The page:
If last year is anything to go by, Americans will spend over $60 billion in the four days from Thanksgiving, this Thursday (Nov. 28), to the end of the weekend. That doesn’t include “cyber Monday,” when merchants put up post-Thanksgiving deals online; Adobe reckons Americans will spend another $2.3 billion on that day this year, up 15% from last year.
This is great news for retailers. It is also a bonanza for fraudsters (registration required), who use the holiday rush to sneak in charges that they hope will go unnoticed. Dubious deals, card fraud and even returns fraud are popular scams. And as if to make their lives easier, many companies relax their fraud measures somewhat over the holiday period to avoid frustrating legitimate customers. And even shoppers unaffected by fraud may find their bank and credit card statements filled with baffling charges when they get around to reviewing their statements in the haze of the new year.
It doesn’t have to be that way. Verifying a card transaction is no longer about just one signature or four-digit PIN. Instead, for every transaction you make over the coming days and weeks, a number of companies around the world will analyze vast amounts of data, helping banks, credit-card issuers, merchants and shoppers to ensure they aren’t being ripped off. This will help reduce the number both of fraudulent transactions and, as importantly, of legitimate payments that are declined as suspicious. And not all the data will flow to big corporations. Customers too can use the data to get a better sense of what they are spending.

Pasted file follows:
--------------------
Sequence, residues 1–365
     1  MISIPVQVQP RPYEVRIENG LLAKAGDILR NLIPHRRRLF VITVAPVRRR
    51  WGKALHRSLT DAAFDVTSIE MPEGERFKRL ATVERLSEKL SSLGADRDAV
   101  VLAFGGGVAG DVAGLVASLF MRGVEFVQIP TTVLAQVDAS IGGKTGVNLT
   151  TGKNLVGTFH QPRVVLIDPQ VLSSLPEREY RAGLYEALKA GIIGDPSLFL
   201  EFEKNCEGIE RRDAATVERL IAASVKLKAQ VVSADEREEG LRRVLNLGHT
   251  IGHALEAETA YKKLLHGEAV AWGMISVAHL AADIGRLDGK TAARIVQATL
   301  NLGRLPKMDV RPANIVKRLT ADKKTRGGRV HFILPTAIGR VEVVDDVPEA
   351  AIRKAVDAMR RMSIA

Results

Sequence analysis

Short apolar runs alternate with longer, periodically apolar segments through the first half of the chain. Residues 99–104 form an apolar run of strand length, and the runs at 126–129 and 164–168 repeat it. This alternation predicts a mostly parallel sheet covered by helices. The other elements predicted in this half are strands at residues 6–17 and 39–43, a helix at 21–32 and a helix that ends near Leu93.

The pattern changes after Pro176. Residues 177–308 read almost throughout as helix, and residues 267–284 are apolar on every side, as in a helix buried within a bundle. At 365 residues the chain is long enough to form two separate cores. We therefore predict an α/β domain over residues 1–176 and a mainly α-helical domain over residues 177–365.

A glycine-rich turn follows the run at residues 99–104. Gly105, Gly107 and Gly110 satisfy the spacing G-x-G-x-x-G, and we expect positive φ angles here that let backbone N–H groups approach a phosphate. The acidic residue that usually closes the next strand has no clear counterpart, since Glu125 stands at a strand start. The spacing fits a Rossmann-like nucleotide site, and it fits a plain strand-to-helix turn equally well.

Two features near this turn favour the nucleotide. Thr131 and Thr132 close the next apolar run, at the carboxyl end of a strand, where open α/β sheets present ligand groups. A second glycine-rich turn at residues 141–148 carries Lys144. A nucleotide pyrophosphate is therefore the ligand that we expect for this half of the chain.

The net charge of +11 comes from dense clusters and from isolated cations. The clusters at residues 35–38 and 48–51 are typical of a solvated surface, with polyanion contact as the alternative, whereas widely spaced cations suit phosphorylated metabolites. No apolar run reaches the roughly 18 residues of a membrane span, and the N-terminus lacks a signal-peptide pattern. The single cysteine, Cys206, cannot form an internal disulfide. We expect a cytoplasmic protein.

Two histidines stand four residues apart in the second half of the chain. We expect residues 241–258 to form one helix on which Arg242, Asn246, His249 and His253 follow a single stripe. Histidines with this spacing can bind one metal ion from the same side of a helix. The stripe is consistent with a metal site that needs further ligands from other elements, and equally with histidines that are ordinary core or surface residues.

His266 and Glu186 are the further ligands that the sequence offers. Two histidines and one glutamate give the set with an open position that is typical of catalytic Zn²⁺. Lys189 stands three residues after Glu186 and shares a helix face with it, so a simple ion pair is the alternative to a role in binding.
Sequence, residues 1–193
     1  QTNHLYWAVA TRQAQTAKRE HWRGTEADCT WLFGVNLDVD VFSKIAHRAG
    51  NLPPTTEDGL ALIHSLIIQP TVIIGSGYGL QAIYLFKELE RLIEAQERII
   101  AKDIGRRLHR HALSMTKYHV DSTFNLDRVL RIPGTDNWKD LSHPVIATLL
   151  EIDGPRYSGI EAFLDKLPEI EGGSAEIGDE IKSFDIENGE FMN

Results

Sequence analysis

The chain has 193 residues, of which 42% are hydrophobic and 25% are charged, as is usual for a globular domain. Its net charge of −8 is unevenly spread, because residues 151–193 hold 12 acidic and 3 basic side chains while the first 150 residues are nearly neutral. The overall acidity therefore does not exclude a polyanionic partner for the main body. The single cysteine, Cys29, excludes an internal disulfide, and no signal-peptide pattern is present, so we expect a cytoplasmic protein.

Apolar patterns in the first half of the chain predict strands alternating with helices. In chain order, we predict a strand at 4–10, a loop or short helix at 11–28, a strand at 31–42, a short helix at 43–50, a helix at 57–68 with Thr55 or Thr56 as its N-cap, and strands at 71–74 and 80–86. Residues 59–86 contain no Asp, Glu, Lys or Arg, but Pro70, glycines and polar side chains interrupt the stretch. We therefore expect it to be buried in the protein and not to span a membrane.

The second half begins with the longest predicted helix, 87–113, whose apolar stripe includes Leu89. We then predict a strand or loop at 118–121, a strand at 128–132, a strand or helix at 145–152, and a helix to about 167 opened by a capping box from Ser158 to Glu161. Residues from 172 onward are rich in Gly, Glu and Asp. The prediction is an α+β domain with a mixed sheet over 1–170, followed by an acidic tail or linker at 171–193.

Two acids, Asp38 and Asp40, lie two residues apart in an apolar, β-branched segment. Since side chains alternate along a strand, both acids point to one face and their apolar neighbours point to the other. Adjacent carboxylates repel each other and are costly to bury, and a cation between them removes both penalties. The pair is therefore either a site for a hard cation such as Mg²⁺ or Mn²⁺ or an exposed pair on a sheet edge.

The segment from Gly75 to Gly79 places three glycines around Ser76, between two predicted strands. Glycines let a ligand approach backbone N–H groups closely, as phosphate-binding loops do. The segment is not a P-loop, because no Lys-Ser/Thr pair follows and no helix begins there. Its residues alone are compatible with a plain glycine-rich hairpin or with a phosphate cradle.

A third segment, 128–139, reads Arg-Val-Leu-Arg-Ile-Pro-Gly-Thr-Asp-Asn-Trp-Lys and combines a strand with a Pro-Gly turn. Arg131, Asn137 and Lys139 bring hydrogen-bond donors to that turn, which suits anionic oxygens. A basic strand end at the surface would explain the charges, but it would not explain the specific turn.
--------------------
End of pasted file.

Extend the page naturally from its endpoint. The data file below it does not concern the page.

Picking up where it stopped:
BillGuard, an app launched in August by a pair of Israeli entrepreneurs, links up to a user’s bank account or card and shows a running stream of all transactions. Sounds like a bank statement? The difference is that BillGuard can help you identify suspicious charges by checking who else had them—rather like an email spam filter.
“The regular model of bank-centric or merchant-centric fraud protection is good. But it cannot take us to next level where you want protection from any kind of unwanted spending, which is a gray area,” says Raphael Ouzan, BillGuard’s co-founder. That gray area includes ”free” services that turn into subscriptions or auto-renewals, as well as transaction fees and service charges from card issuers or banks. BillGuard estimates American card holders spent over $14 billion (pdf) on these charges last year.
BillGuard is building up a database of which merchants customers trust the most, and which ones they find dubious. That’s helpful for users, but valuable also to payment providers, since it can show which companies pose a risk to them, for example in the form of chargebacks, or transactions that are later reversed at cost to either the merchant or card issuer, depending on various factors. (Indeed, selling that data to payment providers is how BillGuard plans to make its money.)